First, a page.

Use You Illusion

Optical illusions are intriguing phenomena that can trick our eyes and brain into perceiving something that is not actually present or perceiving it differently from reality. These illusions can be caused by various factors, such as the way our eyes perceive light, shadows, or depth perception, light, color, shape, and contrast, to name a few. They can be static, dynamic, or even interactive, providing endless opportunities for scientific research and artistic expression.

The Ninio’s extinction illusion. It shows 12 black dots on a gray-and-white grid. However, it is impossible to see all 12 dots at once. If the grid wasn’t in the picture, people could see all 12 dots.

My wife and My Mother in law. Some people see a young lady with her head turned towards the background while others see an elderly woman’s side profile.

What do you see in the center of the image: curvy lines or zigzag ones? Most people see both — double wavy lines and double angled lines alternating. Now look at them as they appear over the black and white area. What do you see now? The truth is all the lines are wavy.

The back wall is in fact built at a sharp angle and the floor and ceiling are steeply slanted. This creates an illusion that makes people and objects on one side of the room seem much smaller or larger than people or objects on the other side of the room.

The Cafe Wall Illusion has been described as a checkerboard with the squares slightly jumbled or off-kilter. The alternating light and dark squares do not line up directly with the squares on the rows above and below them. The result is that the horizontal lines in between each row appear to be slanted. In reality, the horizontal lines are perfectly parallel with one another and totally straight.

The Simultaneous Contrast Illusion uses a shaded background to trick the viewer into inferring things about the color of the main object. The horizontal bar in the middle of the picture is one solid color. However, the changing gradient behind the bar makes it seem changing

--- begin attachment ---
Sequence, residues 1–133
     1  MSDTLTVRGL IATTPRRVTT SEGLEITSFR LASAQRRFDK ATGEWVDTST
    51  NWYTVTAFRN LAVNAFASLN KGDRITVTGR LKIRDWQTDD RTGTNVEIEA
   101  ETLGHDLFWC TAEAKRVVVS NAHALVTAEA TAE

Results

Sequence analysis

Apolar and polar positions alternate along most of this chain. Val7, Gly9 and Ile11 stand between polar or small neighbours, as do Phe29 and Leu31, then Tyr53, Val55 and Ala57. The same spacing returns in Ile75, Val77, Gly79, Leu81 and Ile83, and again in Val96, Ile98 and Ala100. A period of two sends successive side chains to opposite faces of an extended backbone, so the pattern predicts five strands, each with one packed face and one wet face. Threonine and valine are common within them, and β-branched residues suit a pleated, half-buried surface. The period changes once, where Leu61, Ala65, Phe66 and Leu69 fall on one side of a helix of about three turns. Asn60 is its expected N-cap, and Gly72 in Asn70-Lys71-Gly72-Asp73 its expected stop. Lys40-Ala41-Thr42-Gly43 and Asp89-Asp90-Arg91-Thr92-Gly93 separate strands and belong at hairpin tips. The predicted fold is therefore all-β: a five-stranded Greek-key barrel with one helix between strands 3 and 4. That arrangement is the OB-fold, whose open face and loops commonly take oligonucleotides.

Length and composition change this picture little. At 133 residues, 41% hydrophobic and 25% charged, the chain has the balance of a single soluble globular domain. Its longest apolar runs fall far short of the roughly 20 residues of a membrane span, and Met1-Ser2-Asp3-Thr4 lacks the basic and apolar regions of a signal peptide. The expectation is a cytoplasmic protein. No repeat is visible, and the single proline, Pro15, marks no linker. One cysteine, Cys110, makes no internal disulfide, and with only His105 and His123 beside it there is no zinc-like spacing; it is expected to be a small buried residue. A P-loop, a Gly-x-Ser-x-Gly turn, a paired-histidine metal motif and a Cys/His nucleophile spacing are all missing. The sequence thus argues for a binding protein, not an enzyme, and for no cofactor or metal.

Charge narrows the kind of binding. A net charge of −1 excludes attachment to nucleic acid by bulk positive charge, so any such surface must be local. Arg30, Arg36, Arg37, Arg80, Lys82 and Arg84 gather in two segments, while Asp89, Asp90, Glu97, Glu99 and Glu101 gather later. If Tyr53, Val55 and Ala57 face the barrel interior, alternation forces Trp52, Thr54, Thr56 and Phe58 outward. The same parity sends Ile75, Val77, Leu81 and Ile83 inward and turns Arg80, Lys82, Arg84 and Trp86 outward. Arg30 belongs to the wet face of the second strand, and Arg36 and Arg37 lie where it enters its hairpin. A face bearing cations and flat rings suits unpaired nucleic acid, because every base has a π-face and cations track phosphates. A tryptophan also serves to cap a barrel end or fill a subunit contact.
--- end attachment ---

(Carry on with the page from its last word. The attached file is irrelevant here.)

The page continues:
The penrose stairs. The four flights of stairs appear to link together so that a climber would go up or down the steps in a continuous loop but never arrive at a higher or lower point.

The Ponzo Illusion: Ponzo was able to trick viewers into thinking that the parallel line in the background was much longer than the one in the foreground.

The Necker Cube: The basic illusion is that some people will perceive a three dimensional cube with one side in the front while others will imagine that the very same side is the back of the cube.

The rabbit duck head

Optical art images seem to be moving even though they aren’t animated. Most theories about the illusion of motion in optical art have to do with the brain’s inability to process the different colors and shapes simultaneously. sm and other more-classic forms of art.

Ambiguous Cylinder Illusion via

@YouTube The illusion uses a set of cylinders and a mirror, with the cylinders cut so that depending on the angle from which you look at them, they appear to be either rounded or to have angled corners.… Rubin’s Vase Ambiguous Figure: The figure in the image can appear as a vase or two faces directly opposite one another.

The Müller-Lyer illusion consists of three stylized arrows. When viewers are asked to place a mark on the figure at the midpoint, they invariably place it more towards the “tail” end. . This illusion consists of two lines of equal length with arrowheads pointing inward or outward at each end. The line with outward-pointing arrowheads appears longer than the one with inward-pointing arrowheads, even though they are the same length.


  1. The Hermann grid illusion: This illusion involves black squares that appear at the intersections of white lines, creating the illusion of gray blobs.
  2. The Kanizsa triangle illusion: This illusion involves the perception of a white triangle against a black background, although no such triangle is physically present.
  3. The Zöllner illusion: This illusion involves parallel lines that appear to be distorted by diagonal lines placed across them.
  4. The Motion aftereffect illusion: This illusion occurs when we perceive motion in a stationary object after being exposed to a moving image for a prolonged period.
  5. The Adelson checker shadow illusion: This illusion involves two identical squares of different shades of grey, but one appears lighter or darker due to the shadow cast by the cylinder.

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